The driverless truck –  science fiction or reality?

Let us start with definitions, which are required to understand the technologies at play. Automotive automation experts have defined six levels of vehicle control. At Level Zero: Manual Driving, the driver controls all vehicle functions. 

Level One: Driver Assistance has some functions that can be controlled by the vehicle, such as cruise control and ABS, which have been available in most vehicles for many years.

Level Two: Partial Automation, has both steering and acceleration/braking functions that can be controlled by the vehicle under particular conditions. Emergency autonomous braking, self-parking and lane keeping systems as well as adaptive cruise control are all examples of Level Two automation seen in higher-end vehicles available today.

In Level Three: Conditional Automation, vehicle systems control all driving tasks under limited conditions, but the driver must be prepared to take back control when prompted by the vehicle, typically within a few seconds.

At Level Four: High Automation, driving tasks are controlled by the vehicle in the majority of situations, the driver does not need to monitor the driving environment and the automated systems will bring the vehicle to a safe stop if the driver does not respond to requests to take back control.

Finally Level Five: Full Automation, where the vehicle controls all driving tasks 100 per cent of the time and, in theory, no driver is required.

The truck trialled in Nevada was a Level Three self-driving vehicle, which is still two significant steps away from being “driverless”.  A Level Three truck could be best compared to autopilot in a commercial aircraft, which controls the in-flight functions of the plane, but the pilot takes control for the tricky stuff such as take-offs, landings and adverse weather conditions. Level Three vehicle systems uses a raft of technologies such as cameras, radar, GPS positioning, servo motors and computers to monitor and perform self-driving functions, however all these technologies have their limitations. Cameras and radar are effected by adverse weather conditions, GPS systems can “drop out” and won’t work in tunnels, and computers are subject to “crashing” and are only as smart as those programming them, which is why the driver is there ready to take back control of the vehicle at any time.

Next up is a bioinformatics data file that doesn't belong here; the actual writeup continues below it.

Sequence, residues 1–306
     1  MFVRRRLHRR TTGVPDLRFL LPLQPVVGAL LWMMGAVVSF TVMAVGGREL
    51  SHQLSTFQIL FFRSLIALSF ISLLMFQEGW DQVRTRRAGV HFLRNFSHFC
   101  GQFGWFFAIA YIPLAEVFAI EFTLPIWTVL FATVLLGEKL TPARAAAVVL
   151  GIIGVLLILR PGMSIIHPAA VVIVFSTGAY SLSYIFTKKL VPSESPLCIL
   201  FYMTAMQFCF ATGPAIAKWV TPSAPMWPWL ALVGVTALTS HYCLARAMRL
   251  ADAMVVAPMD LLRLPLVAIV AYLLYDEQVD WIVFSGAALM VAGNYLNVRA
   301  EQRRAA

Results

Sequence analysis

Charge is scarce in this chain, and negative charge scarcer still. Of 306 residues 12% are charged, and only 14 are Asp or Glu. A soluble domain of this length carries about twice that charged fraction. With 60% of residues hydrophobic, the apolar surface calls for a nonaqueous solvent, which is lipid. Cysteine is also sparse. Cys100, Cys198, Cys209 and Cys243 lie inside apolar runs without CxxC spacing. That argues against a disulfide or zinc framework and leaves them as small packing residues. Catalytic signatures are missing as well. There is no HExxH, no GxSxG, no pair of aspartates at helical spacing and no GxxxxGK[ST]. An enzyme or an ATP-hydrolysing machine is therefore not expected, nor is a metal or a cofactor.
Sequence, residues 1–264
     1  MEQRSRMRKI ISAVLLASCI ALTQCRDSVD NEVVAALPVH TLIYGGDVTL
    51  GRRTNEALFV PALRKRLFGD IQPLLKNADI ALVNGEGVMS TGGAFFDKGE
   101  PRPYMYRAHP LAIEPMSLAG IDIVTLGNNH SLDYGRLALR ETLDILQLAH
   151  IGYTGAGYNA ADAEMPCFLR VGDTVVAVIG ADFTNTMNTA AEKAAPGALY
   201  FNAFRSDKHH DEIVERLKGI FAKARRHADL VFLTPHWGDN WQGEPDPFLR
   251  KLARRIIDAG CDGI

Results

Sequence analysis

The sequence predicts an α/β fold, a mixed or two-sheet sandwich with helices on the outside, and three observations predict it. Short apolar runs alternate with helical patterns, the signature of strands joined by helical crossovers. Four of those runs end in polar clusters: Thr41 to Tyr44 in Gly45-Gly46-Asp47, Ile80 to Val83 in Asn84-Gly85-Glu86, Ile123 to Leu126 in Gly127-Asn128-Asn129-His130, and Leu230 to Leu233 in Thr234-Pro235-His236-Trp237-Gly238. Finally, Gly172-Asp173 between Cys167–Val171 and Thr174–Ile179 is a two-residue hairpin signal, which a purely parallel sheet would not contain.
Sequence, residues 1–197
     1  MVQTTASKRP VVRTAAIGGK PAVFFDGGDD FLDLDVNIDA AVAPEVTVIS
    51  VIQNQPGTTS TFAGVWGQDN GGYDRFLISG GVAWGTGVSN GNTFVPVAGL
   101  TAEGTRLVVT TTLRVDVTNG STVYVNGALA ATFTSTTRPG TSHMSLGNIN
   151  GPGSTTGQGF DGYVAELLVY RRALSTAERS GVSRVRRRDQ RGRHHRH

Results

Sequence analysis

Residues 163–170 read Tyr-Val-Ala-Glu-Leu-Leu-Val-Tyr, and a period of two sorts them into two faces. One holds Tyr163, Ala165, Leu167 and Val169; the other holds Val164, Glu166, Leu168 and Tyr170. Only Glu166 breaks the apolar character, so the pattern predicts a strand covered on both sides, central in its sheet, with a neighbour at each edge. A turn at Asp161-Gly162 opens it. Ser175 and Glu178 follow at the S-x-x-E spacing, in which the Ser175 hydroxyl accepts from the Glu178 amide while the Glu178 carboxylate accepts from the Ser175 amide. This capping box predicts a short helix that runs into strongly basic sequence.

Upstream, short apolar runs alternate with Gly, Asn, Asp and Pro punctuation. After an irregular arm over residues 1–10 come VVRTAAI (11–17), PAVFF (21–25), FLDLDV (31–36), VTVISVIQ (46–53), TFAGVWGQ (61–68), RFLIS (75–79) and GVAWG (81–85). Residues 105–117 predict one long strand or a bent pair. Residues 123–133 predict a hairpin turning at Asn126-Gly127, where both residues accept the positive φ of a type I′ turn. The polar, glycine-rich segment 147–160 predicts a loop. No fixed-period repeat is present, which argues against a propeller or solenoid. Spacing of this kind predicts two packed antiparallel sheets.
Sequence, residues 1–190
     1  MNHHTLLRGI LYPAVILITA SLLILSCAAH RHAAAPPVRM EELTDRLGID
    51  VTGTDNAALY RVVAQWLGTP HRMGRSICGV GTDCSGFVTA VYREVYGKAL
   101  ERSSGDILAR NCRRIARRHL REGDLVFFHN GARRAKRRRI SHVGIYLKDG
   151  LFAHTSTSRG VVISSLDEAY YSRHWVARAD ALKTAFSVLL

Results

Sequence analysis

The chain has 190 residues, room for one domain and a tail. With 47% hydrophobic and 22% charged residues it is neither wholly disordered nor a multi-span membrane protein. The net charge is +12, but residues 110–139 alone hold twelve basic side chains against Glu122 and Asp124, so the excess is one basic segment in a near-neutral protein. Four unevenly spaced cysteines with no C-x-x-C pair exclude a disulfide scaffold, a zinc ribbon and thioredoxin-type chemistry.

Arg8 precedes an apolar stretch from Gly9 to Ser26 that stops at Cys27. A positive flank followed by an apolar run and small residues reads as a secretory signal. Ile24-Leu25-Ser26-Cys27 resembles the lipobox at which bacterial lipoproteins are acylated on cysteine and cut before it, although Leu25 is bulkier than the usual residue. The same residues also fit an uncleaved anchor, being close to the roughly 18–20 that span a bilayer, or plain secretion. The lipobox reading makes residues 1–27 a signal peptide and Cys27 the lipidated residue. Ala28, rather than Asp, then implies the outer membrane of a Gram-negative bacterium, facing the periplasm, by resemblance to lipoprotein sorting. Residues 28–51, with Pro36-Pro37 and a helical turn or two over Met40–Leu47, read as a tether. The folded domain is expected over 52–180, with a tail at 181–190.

Another important reason that the driver is there to resume control is a legal one. Vehicle manufacturers are cautious by nature and while the driver remains in ultimate control, he/she is responsible for the vehicle’s safety. This responsibility effectively transfers to the vehicle when Level Four and Five systems are deployed. It is the combination of both current technical shortcomings and potential litigation that may prevent trucks from moving beyond Level Three automation for many years to come.

Not that I see this to be a problem, as there are substantial safety benefits to be gained from Level Three conditional vehicle automation systems. Such controls will take away many of the mundane tasks performed by the average truck driver, such as lane keeping on our inter-city highways and maintaining safe distances between other road users, thus allowing the driver to be relaxed and rested for the more complex driving tasks – just as the autopilot reduces fatigue and increases safety in the aviation industry.

I do however see a much larger problem looming in the Australian trucking industry, being the uptake of these new safer vehicle technologies. With the average age of the Australian truck fleet fast approaching 14 years, there are simply too few companies renewing their aging trucks and this will significantly hamper the uptake of new generation, safer trucks. Governments cannot ignore our aging truck fleet. There needs to be a whole of government approach including financial incentives, such as those proposed in TIC’s National Truck Plan, to foster the uptake of safer truck technology.

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